Meir in the Middle

Gibush Tzanchanim, Part II

Dawn breaks as drops patter against my forehead. It’s the day’s first misdar meimiyah- a group-wide chugging competition to see who can drain their canteen first. Those who finish turn their canteens upside down over their heads to prove it. We do this a bunch of times for “hydration purposes,” slash to ensure we all get cramps. After the sloshing in my stomach has become audible, we’re divided into new groups for the Gibush’s physical portion. As I wait for another “Paks, Meir” (seriously, which ancestor of mine decided to spell it פאקס instead of פוקס?!) I notice a group of soldiers lining up to return their gear. I’m soon made aware that since they had the slowest times during the 2k they’ve been disqualified from continuing. Oy. #nebuch #eizeh baasah. Heading my group of 25 is a 30 something-year-old miluimnik- or reservist- his round head comfortably shaded by a Tzanchanim Tembel, his lips irrigating freely from a Nestea. Sidekicking this gever is a team of reserve officers armed with notepads and smirks on their faces. Nestea orders us each to grab a sandbag and follow him into the field. This should be fun.

After informing us that only three of us will be accepted and that those who don’t finish in the top three are irrelevant, Nestea orders us to hoist our sandbags skyward and hold them “until I feel like letting you put them down.” If you lower your sandbag, you’re done with the gibush. After a minute and a half we’re told to put down the sandbags and race around another one placed 100 feet away. Then, the Sandbags go up again. After each race, those who finish in the top 3 stand on the side and yell out their number. Those who don’t are berated by Nestea, who asks them why they bothered to show up and happily invites them to leave instead of wasting his time. Thankfully, I’m able to finish in the top three a bunch of times, despite the amount of cheating taking place: during each race some people don’t fully circle the sandbag, cut off those who do and finish before them. Avi prepped me about the cheating beforehand but assured me that it’s noted by the officers on the side. After a few races a sandbag-laden stretcher is added: the first four finishers each grab a handle and carry the stretcher around the sandbag while the others run around them. More cheating? Obvi. But I’m still able to get to the stretcher a bunch of times. As the sandbags continue to go up, more people lower them and drop out. Nestea likes this. The sandbag-circle/stretcher-sandbag cycle continues for about 45 minutes and after Nestea denies our request to drink, he marches us down a hill onto a sand/rock field with a volleyball net perched at its edge.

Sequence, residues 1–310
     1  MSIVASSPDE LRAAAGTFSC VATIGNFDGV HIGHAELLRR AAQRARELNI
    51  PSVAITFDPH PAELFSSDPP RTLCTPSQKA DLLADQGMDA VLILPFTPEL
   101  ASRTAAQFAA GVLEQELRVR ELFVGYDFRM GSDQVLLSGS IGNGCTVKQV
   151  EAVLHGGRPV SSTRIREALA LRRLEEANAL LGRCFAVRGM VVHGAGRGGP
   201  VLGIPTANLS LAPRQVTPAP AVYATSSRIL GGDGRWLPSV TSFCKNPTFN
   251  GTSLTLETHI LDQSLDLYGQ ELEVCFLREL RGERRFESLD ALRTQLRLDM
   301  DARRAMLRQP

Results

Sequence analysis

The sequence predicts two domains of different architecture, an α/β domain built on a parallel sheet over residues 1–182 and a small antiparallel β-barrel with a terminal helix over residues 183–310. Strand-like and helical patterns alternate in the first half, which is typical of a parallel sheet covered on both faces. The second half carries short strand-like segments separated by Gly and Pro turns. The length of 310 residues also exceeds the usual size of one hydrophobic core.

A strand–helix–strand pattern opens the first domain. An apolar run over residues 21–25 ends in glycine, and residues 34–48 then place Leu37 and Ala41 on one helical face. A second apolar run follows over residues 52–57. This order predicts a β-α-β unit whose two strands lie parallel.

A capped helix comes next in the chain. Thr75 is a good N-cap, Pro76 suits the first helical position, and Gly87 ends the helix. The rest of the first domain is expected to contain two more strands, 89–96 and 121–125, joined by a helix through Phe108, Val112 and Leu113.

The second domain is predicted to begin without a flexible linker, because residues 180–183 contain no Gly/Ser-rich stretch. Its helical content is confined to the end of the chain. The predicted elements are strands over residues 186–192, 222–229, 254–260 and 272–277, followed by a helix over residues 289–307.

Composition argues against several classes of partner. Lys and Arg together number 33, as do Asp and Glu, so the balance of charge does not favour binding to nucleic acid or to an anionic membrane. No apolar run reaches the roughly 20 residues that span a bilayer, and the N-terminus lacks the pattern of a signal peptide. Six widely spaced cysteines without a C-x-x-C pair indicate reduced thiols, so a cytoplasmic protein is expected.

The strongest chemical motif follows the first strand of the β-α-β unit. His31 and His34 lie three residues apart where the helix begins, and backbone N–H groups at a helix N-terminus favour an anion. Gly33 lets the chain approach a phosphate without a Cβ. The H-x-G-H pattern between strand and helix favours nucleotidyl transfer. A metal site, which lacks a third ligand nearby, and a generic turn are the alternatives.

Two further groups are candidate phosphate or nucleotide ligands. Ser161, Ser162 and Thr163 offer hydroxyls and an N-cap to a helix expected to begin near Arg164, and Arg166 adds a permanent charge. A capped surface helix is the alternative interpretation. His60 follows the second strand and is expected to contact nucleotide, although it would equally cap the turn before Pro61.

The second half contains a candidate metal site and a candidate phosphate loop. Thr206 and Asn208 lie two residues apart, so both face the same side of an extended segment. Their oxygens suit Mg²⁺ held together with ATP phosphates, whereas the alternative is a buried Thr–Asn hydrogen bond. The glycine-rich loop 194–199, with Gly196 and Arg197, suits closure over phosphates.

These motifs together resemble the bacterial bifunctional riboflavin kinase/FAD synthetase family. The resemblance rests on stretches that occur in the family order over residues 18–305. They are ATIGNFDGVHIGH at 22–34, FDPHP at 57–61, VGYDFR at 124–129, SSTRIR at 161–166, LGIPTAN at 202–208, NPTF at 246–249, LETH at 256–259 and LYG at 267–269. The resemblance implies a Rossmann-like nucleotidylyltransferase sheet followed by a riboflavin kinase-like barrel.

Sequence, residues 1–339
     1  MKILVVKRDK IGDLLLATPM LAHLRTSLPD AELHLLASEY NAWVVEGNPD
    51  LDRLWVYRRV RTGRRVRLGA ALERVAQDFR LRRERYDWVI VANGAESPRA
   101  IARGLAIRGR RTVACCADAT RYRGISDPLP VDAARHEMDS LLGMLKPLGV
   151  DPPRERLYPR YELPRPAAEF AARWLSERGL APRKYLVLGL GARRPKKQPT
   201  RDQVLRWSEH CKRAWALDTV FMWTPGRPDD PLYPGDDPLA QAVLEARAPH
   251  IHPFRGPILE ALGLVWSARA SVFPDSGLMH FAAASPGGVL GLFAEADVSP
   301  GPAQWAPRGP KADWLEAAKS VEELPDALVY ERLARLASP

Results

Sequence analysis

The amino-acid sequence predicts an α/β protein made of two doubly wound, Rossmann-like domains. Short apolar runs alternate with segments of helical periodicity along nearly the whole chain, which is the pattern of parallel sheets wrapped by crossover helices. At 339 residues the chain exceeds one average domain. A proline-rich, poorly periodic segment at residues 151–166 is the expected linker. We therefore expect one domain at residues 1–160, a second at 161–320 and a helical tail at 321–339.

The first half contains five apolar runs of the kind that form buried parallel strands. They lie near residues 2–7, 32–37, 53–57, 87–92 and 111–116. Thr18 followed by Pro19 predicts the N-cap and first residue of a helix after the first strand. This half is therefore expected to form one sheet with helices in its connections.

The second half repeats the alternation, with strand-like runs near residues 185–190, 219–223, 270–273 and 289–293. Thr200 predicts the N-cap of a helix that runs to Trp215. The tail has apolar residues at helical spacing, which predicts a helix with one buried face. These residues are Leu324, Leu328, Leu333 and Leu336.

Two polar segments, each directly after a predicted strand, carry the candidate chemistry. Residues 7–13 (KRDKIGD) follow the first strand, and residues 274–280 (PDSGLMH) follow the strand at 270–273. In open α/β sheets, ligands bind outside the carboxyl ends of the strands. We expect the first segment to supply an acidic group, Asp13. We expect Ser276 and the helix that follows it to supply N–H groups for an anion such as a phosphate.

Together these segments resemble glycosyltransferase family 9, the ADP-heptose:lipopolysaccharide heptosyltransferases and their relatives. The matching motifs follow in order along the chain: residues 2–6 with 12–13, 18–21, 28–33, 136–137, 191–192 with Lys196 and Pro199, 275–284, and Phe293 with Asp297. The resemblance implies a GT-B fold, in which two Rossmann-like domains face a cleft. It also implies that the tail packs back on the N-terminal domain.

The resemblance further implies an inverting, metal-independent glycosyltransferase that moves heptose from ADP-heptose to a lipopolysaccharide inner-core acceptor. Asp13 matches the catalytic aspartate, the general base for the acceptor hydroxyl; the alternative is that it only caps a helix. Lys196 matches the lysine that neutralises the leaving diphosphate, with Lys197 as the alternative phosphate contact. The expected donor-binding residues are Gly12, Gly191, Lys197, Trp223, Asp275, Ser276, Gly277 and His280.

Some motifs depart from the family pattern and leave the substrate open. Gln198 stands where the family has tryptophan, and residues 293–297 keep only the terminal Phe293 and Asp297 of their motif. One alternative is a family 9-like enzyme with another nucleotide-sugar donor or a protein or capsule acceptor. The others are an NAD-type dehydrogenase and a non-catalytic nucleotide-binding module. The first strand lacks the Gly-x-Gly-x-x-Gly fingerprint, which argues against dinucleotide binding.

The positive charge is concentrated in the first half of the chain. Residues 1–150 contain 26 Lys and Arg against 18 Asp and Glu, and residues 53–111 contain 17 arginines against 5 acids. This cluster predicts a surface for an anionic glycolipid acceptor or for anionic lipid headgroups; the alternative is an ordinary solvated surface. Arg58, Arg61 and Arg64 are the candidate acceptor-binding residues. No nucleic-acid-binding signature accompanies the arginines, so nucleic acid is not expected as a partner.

The good news is that 13 people left during the sandbags. The bad news is that we’re ordered to crawl to the edge of the field and back again. And again. Since I’m not a toddler, I’ve forgotten the proper form for high-speed crawling. However, I somehow manage to come in second place overall, even though I look like a deranged iguana in the process. After 20 minutes we’re back on two feet and staring at the volleyball net. Then it happens. I’m unexpectedly hit with a flood of emotion. My thoughts are of my grandfather, who at age 16 left escaped the Warsaw Ghetto and risked his life as a Partisan to fight for Jewish survival. If only he would have known that his grandson was now part of a Jewish army, with the same goal in mind. I have to fight to force back tears. My eyes gaze heavenward, the sun a golden orb illuminating my blood-red elbows and sand-caked uniform. I had understood my decision to join the IDF as step to integrate into Israeli society. Now, here, next to a volleyball net in a field, it suddenly seems to me something much more. 

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